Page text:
Flake: Just because travel ban is constitutional 'doesn’t make it wise'

Flake: Just because travel ban is constitutional 'doesn’t make it wise'
© Greg Nash

Sen. Jeff FlakeJeffrey (Jeff) Lane FlakeBiden nominates former Sen. Tom Udall as New Zealand ambassador Biden to nominate Jane Hartley as UK ambassador: report The Hill's Morning Report - Presented by Goldman Sachs - Voting rights will be on '22, '24 ballots MORE (R-Ariz.) responded with disappointment to the Supreme Court's decision to uphold President TrumpDonald TrumpTexas announces election audit in four counties after Trump demand Schumer sets Monday showdown on debt ceiling-government funding bill Pennsylvania AG sues to block GOP subpoenas in election probe MORE's travel ban, saying on Wednesday that "just because" the measure "is constitutional" does not mean it is a good idea. 

Flake cited a piece he wrote on Medium in April of 2017, arguing against the ban. 

"I feel the same today. Just because something is constitutional doesn’t make it wise. The travel ban does not make us safer," the senator wrote on Wednesday.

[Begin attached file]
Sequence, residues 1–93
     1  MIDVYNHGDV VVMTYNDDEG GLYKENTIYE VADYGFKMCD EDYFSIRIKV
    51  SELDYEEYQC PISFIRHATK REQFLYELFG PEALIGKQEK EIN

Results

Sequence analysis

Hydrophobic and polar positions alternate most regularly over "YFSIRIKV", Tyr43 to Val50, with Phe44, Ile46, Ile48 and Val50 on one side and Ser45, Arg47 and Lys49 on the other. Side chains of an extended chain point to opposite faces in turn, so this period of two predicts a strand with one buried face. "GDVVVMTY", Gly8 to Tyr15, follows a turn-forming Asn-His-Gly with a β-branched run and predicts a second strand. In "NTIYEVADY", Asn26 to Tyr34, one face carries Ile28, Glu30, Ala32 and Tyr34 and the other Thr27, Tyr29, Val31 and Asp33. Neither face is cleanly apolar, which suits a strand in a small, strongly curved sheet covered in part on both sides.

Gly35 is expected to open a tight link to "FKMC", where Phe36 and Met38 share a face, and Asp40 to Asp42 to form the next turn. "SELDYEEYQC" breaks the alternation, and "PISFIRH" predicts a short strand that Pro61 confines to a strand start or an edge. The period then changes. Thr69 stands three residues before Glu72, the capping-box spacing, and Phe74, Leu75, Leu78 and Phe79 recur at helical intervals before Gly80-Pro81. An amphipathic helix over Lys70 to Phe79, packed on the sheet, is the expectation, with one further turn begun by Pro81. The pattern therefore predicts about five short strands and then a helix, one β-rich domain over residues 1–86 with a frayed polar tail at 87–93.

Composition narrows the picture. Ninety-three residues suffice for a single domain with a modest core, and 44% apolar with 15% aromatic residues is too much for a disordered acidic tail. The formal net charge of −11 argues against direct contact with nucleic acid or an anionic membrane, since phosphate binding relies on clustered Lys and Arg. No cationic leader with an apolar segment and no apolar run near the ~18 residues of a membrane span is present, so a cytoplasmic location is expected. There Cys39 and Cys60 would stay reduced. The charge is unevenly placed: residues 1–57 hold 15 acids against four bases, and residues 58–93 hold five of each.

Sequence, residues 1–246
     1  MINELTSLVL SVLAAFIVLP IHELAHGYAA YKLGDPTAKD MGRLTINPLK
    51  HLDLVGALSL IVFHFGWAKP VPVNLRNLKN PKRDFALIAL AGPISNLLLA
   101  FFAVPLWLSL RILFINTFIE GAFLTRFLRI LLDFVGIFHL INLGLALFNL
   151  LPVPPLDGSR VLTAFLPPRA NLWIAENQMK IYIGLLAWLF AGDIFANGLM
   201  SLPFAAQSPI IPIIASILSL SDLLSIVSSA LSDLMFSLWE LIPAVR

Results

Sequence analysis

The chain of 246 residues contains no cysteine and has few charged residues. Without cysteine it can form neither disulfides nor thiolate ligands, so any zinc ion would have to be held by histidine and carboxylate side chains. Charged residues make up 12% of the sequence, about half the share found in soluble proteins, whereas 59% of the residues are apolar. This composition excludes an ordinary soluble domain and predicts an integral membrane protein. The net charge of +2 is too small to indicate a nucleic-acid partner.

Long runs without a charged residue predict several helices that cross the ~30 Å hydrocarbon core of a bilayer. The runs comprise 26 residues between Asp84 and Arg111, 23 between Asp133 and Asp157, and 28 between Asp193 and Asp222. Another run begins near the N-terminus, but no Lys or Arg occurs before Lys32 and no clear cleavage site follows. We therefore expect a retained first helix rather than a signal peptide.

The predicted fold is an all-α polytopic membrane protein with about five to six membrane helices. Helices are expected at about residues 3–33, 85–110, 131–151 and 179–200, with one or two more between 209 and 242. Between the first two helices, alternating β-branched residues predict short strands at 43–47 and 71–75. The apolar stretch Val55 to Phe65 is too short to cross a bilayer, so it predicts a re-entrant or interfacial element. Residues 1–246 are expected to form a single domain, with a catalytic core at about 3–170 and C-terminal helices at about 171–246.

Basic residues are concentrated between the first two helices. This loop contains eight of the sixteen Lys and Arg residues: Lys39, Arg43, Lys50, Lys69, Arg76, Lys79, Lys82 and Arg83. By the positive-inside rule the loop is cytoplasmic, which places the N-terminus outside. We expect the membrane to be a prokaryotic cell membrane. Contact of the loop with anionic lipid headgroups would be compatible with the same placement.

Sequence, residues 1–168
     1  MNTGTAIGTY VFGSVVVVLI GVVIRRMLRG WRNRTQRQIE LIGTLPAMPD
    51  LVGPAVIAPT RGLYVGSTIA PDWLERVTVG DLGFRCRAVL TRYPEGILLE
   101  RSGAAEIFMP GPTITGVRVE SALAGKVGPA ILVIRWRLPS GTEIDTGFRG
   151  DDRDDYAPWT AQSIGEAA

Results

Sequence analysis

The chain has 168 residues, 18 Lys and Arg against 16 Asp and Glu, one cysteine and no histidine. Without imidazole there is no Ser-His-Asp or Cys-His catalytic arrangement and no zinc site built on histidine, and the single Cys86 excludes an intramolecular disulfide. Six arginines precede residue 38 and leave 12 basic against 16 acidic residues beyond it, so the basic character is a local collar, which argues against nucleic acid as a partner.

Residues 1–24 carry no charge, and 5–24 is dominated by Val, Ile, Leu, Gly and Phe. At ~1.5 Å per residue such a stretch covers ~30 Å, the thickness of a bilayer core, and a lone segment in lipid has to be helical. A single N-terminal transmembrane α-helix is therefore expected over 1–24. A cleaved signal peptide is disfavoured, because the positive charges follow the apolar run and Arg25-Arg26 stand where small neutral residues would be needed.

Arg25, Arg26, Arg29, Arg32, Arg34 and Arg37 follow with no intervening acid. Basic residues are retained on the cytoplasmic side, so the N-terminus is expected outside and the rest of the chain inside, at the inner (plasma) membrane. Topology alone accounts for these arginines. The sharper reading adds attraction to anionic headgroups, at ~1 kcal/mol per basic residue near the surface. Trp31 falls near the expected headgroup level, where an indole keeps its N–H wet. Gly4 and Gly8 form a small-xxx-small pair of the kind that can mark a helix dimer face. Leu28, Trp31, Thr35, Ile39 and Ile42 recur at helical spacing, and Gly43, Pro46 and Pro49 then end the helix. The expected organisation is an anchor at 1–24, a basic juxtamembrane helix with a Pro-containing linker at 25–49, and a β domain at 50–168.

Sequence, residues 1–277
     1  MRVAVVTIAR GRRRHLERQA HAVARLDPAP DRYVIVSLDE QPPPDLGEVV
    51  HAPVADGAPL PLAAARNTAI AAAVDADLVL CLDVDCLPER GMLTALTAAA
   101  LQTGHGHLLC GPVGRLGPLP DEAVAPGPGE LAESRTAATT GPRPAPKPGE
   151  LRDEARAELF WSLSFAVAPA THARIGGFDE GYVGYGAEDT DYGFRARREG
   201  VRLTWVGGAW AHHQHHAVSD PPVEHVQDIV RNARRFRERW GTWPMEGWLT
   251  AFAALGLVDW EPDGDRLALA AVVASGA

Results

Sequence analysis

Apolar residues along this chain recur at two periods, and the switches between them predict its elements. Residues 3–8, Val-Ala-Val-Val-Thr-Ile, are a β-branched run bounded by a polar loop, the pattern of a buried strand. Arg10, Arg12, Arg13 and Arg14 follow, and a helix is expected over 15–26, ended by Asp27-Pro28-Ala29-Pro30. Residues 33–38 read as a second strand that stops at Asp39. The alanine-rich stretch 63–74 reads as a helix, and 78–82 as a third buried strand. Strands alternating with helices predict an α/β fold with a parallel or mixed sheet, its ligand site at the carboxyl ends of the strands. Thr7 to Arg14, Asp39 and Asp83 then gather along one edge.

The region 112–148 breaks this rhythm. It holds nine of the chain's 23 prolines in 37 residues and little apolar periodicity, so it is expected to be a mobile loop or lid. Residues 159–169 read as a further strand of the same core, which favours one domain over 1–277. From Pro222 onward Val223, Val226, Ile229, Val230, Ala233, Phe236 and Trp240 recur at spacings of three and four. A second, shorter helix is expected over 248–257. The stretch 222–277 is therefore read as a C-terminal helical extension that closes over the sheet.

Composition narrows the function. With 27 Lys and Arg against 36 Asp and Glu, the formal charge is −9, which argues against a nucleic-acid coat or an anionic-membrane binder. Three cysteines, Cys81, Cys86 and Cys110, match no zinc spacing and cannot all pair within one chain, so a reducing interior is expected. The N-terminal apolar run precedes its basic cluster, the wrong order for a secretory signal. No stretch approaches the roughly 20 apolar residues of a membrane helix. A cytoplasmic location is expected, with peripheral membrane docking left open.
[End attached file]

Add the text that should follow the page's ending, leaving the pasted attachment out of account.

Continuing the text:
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Flake argued last year that a "blanket ban" such as Trump's would not ultimately help the U.S. in the global war on terror.  

“This does not, however, make the new travel ban a good idea. I fail to see what national security gains are achieved. In fact, our long-term security goals are compromised," Flake wrote last year.

"To win this war on terrorism we will need the help of good and decent citizens in every country — including those countries compromised by terrorism. Imposing a blanket ban based on nationality will only make such assistance more difficult to obtain.” 

The Supreme Court ruled in a 5-4 decision to uphold Trump's travel ban on Tuesday, saying the president has broad discretion to suspend the entry of aliens into the U.S.

“The president lawfully exercised that discretion based on his findings — following a worldwide, multi-agency review — that entry of the covered aliens would be detrimental to the national interest,” Chief Justice John Roberts said. 

Trump issued the policy by presidential proclamation, which limited travel into the United States by people from Iran, Libya, Syria, Somalia, and Yemen. The nation of Chad first appeared on the list, but was later removed.